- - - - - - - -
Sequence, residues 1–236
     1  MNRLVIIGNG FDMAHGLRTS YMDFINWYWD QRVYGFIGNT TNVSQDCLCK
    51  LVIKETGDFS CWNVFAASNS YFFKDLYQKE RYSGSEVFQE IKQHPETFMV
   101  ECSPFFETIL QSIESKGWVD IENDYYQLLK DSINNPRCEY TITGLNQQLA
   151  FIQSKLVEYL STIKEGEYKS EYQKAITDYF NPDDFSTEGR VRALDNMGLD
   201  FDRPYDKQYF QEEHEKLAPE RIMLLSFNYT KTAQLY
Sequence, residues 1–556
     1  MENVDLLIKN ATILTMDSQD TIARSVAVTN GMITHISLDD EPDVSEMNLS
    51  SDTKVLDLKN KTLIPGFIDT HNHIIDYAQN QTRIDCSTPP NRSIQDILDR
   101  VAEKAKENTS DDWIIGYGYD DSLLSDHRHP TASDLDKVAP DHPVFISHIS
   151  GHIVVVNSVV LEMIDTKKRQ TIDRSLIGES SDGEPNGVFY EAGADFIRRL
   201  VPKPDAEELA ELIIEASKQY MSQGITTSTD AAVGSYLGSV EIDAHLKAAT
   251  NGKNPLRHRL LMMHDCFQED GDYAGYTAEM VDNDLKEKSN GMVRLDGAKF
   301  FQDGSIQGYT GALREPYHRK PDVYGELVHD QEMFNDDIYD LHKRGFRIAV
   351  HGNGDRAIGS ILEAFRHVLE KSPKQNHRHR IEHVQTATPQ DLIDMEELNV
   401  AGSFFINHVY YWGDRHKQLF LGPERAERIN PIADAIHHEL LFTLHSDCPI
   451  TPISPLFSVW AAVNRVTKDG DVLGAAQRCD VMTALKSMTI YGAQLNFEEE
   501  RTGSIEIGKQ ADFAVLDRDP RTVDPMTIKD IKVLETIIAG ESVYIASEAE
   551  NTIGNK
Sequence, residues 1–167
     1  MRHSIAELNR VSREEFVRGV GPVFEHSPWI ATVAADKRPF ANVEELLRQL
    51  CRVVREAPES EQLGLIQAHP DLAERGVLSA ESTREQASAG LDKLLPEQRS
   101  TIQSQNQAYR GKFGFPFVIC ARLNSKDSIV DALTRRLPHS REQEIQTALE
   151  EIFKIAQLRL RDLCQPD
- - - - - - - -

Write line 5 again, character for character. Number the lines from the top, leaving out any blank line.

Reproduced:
   151  FIQSKLVEYL STIKEGEYKS EYQKAITDYF NPDDFSTEGR VRALDNMGLD